Eight students and four staff members at The Juniper School began a quarantine Tuesday after an individual at the school tested positive for COVID-19.
The exposure affected only one cohort at the school, and the group of students in the cohort will move to remote learning during the 14-day quarantine, said Julie Popp, spokeswoman for Durango School District 9-R. The quarantines will end Nov. 13, which is based on the date of the group’s last exposure to the individual who tested positive.
A cohort is a group of students who stay together during the school day. The use of cohorts has been adopted by 9-R schools and in schools across the state to minimize personal contacts by students during the COVID-19 pandemic.
On Tuesday, 9-R was notified by San Juan Basin Public Health about the exposure.
The Juniper School remains open for in-person and blended learning for unaffected cohorts.
No other 9-R schools or cohorts are affected by this case.
The school district is following its response procedures created in its “Return to Learn” plan, which deals with policies put in place for the current school year to deal with the COVID-19 pandemic.
The district also works with SJBPH on contact tracing after a confirmed exposure.
The district recommends students and staff practice the “3W’s” to minimize rise of exposure to COVID-19:
Wear a mask.Wash your hands.Watch your distance.Families also should monitor the health of all members, and anyone who is ill should stay home, Popp said.
SJBPH has been working school districts and schools in La Plata and Archuleta counties since the beginning of the pandemic.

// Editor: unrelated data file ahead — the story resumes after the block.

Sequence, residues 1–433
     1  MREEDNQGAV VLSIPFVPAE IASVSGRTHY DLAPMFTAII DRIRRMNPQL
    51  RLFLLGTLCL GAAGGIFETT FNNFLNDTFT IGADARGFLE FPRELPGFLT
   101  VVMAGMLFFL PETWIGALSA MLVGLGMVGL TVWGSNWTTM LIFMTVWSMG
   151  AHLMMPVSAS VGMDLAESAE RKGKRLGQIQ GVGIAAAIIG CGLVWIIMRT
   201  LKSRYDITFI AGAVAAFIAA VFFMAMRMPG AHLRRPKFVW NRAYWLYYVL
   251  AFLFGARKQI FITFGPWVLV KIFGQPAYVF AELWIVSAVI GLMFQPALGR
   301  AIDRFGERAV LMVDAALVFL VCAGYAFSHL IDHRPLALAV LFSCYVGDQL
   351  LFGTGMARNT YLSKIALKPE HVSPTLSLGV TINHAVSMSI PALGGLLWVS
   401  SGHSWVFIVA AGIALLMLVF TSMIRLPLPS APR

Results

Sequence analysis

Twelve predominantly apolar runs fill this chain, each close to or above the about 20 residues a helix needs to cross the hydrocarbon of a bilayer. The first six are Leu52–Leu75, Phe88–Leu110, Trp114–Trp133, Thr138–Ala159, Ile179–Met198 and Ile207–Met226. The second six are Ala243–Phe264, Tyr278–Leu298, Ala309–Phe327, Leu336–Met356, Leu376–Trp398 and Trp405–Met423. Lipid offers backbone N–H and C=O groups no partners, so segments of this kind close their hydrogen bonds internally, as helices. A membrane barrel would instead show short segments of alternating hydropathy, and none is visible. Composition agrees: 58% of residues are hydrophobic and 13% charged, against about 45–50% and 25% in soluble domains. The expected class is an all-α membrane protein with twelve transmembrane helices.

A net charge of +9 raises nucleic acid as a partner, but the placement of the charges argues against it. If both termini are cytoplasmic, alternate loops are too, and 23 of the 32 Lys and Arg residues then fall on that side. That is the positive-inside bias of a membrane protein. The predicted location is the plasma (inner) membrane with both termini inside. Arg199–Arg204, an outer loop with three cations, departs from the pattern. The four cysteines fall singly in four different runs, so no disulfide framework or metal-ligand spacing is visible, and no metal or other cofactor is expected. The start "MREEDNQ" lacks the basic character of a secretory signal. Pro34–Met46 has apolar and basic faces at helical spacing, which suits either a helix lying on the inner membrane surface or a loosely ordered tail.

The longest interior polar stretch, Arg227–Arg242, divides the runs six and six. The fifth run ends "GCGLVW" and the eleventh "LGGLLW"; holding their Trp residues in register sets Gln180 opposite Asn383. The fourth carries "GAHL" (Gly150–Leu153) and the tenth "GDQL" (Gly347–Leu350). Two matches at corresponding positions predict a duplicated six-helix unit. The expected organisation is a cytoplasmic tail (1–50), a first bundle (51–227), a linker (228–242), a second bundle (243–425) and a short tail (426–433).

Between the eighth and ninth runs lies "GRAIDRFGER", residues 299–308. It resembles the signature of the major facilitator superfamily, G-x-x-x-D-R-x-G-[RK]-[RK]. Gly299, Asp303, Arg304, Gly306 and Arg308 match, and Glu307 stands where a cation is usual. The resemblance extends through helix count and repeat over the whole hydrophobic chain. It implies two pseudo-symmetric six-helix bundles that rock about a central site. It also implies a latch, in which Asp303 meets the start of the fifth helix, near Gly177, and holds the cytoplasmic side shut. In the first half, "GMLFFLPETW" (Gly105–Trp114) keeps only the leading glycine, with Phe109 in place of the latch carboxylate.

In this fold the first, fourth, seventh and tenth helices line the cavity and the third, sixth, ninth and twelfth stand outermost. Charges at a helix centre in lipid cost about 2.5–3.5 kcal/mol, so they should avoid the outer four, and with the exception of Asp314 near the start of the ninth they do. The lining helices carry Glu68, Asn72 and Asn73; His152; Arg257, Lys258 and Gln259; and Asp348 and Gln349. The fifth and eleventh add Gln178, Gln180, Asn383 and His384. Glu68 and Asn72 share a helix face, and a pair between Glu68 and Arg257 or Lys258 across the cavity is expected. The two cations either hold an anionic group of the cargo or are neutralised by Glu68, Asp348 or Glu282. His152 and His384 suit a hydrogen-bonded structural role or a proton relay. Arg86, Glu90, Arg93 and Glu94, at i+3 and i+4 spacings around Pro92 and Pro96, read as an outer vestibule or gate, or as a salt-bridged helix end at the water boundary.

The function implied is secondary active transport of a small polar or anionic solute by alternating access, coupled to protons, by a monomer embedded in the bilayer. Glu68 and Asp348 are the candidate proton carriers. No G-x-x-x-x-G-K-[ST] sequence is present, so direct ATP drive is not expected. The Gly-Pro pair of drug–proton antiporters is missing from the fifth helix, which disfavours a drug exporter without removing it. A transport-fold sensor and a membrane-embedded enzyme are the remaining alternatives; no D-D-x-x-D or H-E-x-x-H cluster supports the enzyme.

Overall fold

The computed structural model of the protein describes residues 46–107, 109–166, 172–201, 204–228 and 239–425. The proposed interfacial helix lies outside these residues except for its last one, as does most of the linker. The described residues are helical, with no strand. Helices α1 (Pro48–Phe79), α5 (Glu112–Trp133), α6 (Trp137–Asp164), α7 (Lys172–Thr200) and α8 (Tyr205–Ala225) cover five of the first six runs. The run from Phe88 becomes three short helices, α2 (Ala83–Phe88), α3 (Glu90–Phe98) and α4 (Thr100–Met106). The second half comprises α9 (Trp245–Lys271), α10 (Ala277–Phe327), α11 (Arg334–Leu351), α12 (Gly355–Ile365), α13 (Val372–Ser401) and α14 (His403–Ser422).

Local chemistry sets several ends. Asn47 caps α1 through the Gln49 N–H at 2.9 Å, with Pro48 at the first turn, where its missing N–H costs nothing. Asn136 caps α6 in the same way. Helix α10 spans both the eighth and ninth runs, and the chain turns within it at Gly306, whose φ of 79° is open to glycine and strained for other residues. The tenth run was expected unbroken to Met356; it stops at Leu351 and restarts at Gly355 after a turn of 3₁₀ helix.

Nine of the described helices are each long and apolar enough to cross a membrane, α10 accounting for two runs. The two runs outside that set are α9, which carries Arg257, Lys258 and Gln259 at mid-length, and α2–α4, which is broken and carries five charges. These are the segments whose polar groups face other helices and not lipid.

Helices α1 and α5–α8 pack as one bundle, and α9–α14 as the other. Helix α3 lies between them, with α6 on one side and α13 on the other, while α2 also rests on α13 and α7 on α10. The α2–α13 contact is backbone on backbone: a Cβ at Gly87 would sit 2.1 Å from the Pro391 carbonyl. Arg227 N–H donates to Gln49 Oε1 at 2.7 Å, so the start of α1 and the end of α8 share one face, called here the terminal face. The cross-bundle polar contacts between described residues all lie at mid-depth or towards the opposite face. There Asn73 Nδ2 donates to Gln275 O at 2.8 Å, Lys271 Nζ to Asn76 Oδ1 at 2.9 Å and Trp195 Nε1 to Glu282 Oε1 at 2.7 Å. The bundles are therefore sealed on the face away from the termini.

The partnership between school districts and SJBPH includes reviewing school districts’ plans to reopen and their communication plans to contact families, school staff members and the public in the event of exposures or potential exposures.
SJBPH conducts contact tracing for every positive case identified in K-12 schools in La Plata and Archuleta counties, with schools assisting in contact tracing efforts by providing student and staff rosters.
Additionally, some schools and school districts, including Durango 9-R, help by issuing letters and surveys to identify additional symptomatic staff members and students and by referring students to available COVID-19 testing opportunities.
Because of a recent rise in cases beginning in late October, in part stemming from social gatherings, SJBPH urges all community members to stay at home as much as possible. The health department also asks residents to continue to maintain social distance, wear face masks and practice good hygiene.
“Avoiding challenging peaks in infections and hospital demand over the next three months will require a substantial increase in transmission control. The window to improve transmission control is over the next several weeks,” said Claire Ninde, SJBPH director of communications, in an email. “We are at a critical moment and we need everyone to do their part.”
Ninde said Coloradans can sign up for exposure notifications on their phone.
She also said in an email people should be tested if they have symptoms or believe they have been exposed to the pathogen.
She also noted a state order is in place asking state residents to limit social gatherings to no more than 10 people from no more than two households.